Mario Kart is one of gaming's most recognized and beloved franchises – which is kind of funny when you think back to the Sega Genesis "Blast Processing" commercials that roasted the original Super Mario Kart for the SNES. But I digress.
When you have a series that's as well-loved as Mario Kart, you want to let everyone have a turn. Mario Kart 8 Deluxe for the Nintendo Switch tries to be inclusive to beginners by introducing two new optional features: Smart steering, which nudges you back on track if you're too close to a wall or pit, and auto-accelerate, which lets you keep your "foot" on the gas without having to hold down a button.
These features aren't just useful for beginners, though. For younger players, and especially players with disabilities, they can make the difference between joining in the fun or being slotted into the role of permanent spectator.
A Reddit post made yesterday by "TheSecond7" illustrates what a difference Mario Kart 8 Deluxe's simple additions made to his family. Auto-accelerate and smart steering lets TheSecond7 race with his quadriplegic sister and 4-year-old son.
"My sister through some crazy mouth manipulation was able to race in Mario Kart 64 but now she can seriously compete," he writes. He also points out how auto-acceleration makes it easier for him to drift-brake in 200 cc mode, which indicates Mario Kart 8 Deluxe's new features are useful for veterans as well as beginners and people who require physical assistance.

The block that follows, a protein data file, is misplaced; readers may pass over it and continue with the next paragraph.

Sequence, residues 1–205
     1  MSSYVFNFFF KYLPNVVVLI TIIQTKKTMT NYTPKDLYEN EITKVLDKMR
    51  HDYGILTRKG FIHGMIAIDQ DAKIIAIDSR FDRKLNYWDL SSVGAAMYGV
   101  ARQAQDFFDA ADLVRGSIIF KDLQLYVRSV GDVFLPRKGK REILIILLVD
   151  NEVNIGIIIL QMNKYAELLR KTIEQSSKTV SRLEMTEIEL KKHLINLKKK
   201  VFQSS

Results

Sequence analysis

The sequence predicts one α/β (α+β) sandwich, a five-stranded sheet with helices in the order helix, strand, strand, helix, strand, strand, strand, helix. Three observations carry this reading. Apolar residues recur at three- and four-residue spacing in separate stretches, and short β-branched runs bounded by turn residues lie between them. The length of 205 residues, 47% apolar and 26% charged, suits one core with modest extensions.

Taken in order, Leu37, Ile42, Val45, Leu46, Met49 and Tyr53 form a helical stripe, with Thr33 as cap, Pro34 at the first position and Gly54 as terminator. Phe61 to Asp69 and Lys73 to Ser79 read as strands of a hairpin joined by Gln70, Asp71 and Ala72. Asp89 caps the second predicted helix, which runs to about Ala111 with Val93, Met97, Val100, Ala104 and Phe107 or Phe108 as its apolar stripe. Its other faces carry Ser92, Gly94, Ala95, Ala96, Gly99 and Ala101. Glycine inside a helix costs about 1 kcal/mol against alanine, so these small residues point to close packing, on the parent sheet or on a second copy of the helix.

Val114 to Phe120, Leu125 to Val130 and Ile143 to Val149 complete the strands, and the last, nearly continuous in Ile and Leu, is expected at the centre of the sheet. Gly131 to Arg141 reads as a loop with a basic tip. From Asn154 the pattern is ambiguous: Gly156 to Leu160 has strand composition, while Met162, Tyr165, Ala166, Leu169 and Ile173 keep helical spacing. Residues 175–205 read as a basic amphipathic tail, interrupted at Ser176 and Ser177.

Another redditor, Resvertide, said they're glad the new features exist, but is worried that they're being paired up for online matches with people who use auto-accelerate for an unfair advantage. He got a response from the interestingly-named ShittyOldBastardBoy, who pointed out "When playing online with people who actually know what they're doing, the auto-steering hinders more than anything, since it prevents you from easily boosting off-road to shortcuts. The usefulness of the auto steering is a bell curve as you get better at the game."
They added, "Besides, everybody online still has the auto-steering as an option, so the playing field is still level."
Last year, I touched a few raw nerves when I suggested people should live and let live as far as "easy modes" in video games are concerned. While most commenters agreed, there was still some pushback about how games should primarily cater to people who want to test their intelligence, dexterity, etc.
This isn't a particularly good climate to make a "pre-existing conditions" joke in, but not all disabilities are present at birth. Even a small accident can irrevocably alter a tendon or a bone in such a way that makes it impossible to properly grip a controller – a problem that would doubtlessly devastate someone who's been playing video games all their life. Nobody wants to be in pain while they're enjoying a game they love, and something as simple as Mario Kart 8's auto-accelerate feature can make a huge difference to people with acute and chronic conditions.